Themes have often been a topic of posts at Moodlenews: making Moodle look great is a key driver of being able to get teachers to take a 2nd look at it or to engage students (you can’t judge a book by its cover, but first impressions do matter!).
Over the years, Moodle has included many different themes its the core distribution, including Wood Grain and Steel. For Moodle 2.0 several were included in the core as part of a contest for quality themes. Most recently, the push for responsive resulted in Moodle only having two core themes: More and Clean. Today, the discussion has shifted to what a theme will look like in Moodle 3.2 and how it will help developers create new and exciting layouts and displays for Moodle classrooms and dashboards. Theme standards for Moodle 3.2 are crucial in the “rebooting” of Moodle, according to Lewis Carr at his iMoot talk that we covered.
If you’re using 3.1, however, there are loads of themes available. Some throwbacks, some new, some crowd favorites. Take a look at six below recently updated for Moodle 3.1.
Afterburner: this was one of the themes introduced in core Moodle 2.0. The theme is three-column and fluid-width but not responsive. https://moodle.org/plugins/theme_afterburner
Anomaly: another theme included in Moodle 2.0. It is three-column and fluid-width with rounded corners. This also is not responsive. https://moodle.org/plugins/theme_anomaly
Shoehorn: created by theme guru, Gareth Barnard, this theme is designed to be clean and professional. It is responsive and supports social media icons easily. There are loads of videos to help theme designers customize it as needed. https://moodle.org/plugins/theme_shoehorn
Elegance: this theme maintained by Bas Brands is responsive, sports two columns and a great looking splash page for login. It has loads of custom settings to create a brand match for your institution. https://moodle.org/plugins/theme_elegance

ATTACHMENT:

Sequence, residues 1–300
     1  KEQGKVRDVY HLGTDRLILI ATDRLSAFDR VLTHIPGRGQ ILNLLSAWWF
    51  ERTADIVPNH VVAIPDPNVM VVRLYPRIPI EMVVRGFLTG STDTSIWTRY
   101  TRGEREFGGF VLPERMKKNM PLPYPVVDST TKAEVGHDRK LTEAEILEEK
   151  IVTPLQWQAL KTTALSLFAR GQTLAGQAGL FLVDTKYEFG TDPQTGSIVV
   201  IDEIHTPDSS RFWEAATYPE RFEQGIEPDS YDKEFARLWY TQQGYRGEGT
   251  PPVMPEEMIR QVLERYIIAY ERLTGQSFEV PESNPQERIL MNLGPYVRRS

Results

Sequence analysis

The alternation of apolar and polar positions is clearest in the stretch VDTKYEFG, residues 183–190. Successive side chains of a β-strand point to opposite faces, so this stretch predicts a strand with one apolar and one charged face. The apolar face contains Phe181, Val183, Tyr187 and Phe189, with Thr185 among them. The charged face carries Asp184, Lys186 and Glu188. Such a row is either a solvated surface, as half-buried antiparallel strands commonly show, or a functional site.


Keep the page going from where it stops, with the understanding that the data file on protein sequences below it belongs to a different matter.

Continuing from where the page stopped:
Snap: this responsive theme is the brainchild of Stuart Lamour (formerly of Sussex eLearning Team) in his role at Moodlerooms. It is a rethinking of what a course should look like. There’s loads of cues for students regarding completion and progress, a lot of white space, and a large image which makes a Moodle course look more like a crisp website than a classroom. While created by Moodlerooms for its clients, the theme is contributed and available for download from Moodle.org. https://moodle.org/plugins/theme_snap
Campus: this collaboration of David Bogner and Gareth Barnard strives provides maximum flexibility in customizing your Moodle site. This includes responsive header and logo, custom background, custom fonts, full-screen mode, sub-themes, frontpage slideshows and other marketing features and too much more the list. https://moodle.org/plugins/theme_campus
We hope you make a sound choice, as we hope the outcomes of the ongoing Moodle 3.2 Design debate surprise us in positive ways. Let’s end with some words from iconic industrial designer Dieter Rams: “Principle of good design number 10: good design is as little design as possible“.
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What would you include in our Moodle coverage? Let us know in the comments!